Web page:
"We Are All Born Mad..."

I hate politics! Not because it's fashionable to do so but because I live in Lebanon. An East-Mediterranean country with beautiful geography, exquisite cuisine and one of the worlds most dysfunctional socio-political systems.

When I think of Lebanon, I remember a fractal game I used to doodle when bored during my school years. I would draw a triangle, then draw a median line splitting it into two other triangles. Then I would repeat the same thing for each of the two triangles and so onward...
This can best illustrate the schisms that spread and infiltrate all the stratas of Religion, Politics, Business and Social behavior in our daily life.

When Joe Kodeih announced his next play would be be named "Michel & Samir", after two of the most well know political opponents on the local scene over the past 30 years or so, my initial knee-jerk reaction was rather dismissive. But for anyone who has known Joe for as long as I have or has had the chance to watch any of his previous plays, there could be no doubt that what he had up his sleeve extended beyond the cliches offered by the overabundant political satire shows and plays that plague our TV stations and theaters.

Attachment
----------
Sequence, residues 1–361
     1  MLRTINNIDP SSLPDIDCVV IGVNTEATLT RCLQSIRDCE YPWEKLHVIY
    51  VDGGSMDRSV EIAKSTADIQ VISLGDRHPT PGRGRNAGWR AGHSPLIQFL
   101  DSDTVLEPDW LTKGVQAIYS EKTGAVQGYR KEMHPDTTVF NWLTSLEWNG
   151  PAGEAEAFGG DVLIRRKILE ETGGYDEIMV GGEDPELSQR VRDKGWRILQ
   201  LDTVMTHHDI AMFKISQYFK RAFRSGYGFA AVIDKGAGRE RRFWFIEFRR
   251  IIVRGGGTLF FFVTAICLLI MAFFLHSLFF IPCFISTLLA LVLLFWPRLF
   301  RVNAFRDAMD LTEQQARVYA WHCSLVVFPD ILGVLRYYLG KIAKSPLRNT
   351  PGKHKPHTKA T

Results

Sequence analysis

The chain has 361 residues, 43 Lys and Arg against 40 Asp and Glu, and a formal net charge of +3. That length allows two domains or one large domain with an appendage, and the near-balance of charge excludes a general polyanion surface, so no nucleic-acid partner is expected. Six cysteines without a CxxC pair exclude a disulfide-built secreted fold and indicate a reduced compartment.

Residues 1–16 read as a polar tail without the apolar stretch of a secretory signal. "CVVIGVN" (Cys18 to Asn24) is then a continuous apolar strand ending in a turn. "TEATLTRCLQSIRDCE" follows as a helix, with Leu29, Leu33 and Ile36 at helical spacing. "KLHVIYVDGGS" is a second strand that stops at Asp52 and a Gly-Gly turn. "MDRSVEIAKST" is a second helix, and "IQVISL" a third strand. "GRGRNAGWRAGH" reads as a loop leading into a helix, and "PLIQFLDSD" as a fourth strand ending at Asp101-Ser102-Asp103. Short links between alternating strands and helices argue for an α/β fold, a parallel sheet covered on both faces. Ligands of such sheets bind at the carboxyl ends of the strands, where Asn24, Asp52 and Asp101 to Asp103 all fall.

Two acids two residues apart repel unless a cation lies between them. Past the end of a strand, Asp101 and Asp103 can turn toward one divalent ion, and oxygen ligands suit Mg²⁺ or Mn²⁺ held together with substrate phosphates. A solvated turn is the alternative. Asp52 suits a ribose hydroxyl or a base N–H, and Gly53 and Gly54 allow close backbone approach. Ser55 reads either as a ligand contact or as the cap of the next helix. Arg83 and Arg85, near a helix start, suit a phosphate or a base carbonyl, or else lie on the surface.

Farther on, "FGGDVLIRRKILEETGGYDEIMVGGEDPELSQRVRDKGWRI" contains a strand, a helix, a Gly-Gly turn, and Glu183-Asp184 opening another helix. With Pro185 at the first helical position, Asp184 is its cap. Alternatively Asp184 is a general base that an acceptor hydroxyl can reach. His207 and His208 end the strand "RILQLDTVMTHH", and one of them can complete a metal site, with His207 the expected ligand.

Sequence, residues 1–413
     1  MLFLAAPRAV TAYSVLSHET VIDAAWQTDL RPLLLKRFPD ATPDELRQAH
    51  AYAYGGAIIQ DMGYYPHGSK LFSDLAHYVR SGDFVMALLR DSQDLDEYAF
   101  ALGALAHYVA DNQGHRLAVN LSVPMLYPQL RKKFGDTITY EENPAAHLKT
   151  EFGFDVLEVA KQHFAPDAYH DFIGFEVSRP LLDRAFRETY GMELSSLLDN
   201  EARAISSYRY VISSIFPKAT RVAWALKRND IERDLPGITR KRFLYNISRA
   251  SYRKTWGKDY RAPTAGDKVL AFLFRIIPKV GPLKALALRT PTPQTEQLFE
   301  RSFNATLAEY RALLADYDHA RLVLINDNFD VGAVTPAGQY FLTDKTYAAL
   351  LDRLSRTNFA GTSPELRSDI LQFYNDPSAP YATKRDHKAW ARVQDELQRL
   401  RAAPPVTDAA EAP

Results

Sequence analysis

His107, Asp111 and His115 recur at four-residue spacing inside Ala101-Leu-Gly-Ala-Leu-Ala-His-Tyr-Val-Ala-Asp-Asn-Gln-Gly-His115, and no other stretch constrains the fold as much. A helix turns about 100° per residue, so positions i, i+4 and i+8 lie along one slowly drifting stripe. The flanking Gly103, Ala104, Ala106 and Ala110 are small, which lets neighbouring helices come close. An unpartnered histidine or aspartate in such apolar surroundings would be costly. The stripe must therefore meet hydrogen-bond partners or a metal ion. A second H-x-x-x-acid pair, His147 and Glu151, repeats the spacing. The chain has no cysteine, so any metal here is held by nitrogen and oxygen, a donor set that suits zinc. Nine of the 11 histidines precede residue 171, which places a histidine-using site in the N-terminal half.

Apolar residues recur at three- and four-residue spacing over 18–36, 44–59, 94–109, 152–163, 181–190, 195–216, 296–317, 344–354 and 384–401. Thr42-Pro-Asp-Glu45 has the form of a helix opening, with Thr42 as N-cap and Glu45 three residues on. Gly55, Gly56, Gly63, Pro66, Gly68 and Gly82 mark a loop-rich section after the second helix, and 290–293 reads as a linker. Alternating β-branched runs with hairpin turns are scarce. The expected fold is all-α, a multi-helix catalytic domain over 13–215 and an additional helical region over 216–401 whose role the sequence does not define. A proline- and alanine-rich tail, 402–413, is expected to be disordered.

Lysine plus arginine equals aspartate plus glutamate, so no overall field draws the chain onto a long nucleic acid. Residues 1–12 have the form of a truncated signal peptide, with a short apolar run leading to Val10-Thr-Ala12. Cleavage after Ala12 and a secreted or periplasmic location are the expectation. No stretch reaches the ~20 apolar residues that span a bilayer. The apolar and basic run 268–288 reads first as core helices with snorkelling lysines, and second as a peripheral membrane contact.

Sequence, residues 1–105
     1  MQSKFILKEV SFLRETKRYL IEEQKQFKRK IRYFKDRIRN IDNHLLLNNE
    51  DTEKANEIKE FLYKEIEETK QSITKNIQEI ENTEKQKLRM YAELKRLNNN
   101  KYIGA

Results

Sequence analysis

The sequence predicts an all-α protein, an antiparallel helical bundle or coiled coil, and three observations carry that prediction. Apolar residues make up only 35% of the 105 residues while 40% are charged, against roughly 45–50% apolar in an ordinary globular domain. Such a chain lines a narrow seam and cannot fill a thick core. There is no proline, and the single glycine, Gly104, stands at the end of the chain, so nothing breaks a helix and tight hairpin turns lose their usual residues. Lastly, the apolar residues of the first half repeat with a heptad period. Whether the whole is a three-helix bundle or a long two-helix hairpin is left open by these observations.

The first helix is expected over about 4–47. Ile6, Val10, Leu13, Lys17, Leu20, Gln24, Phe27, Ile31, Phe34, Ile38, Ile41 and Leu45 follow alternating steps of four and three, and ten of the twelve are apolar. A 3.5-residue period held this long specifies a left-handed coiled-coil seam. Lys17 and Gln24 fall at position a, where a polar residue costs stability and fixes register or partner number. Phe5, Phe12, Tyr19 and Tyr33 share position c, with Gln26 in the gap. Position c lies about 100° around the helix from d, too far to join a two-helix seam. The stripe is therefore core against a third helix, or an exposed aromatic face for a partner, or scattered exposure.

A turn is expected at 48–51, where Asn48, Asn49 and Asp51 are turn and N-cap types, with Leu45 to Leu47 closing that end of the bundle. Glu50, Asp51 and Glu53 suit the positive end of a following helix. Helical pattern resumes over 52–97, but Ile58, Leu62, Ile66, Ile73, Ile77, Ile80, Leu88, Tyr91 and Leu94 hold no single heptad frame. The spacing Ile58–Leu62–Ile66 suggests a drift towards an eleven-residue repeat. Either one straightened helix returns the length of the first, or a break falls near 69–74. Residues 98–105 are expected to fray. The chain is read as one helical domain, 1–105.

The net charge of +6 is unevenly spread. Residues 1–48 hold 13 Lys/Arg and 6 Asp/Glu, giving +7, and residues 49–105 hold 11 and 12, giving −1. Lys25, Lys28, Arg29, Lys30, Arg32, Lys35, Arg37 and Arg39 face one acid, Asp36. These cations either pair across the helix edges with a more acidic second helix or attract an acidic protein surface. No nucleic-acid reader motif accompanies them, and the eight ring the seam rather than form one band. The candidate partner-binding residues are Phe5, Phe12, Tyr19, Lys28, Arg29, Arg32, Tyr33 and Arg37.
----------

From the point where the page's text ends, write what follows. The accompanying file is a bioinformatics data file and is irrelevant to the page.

The setting and characters both imaginative (as offered by both written and verbal disclaimers) represent two patients, Rodrigue Sleiman and Hicham Haddad,  with identity crisis and an apparent aversion for one another being treated  by two healthcare providers: Tony Balabane and Maguy Badawi.

Over the duration of the play we are taken on a roller-coaster ride into the obsessions, fears and insecurities of the characters tempered by a series of comical jabs at our reality. Joe Kodeih's directing and script combines with the raw talent of the actors to take us into the realm of the absurd, only to jerk us out of it when we least expect it, making us both laugh then smirk at our daily grievances.

Tony Balaban's monumental performance glued the volatile characters portrayed by the oh-so-talented Rodrigue Sleiman and unexpectedly touching Hicham Haddad in a melting pot of angry male emotions tamed by the presence of Maguy Badaoui and her central character in the play.

Michel w Samir (or Samir w Michel, depending on your personal preference) explores absurdity and comedy in equal parts of touching and engaging, not far from our day-to-day reality.

After all like the great Samuel Beckett said: "We Are All Born Mad. Some Remain So"

I sometimes think those are the lucky ones!

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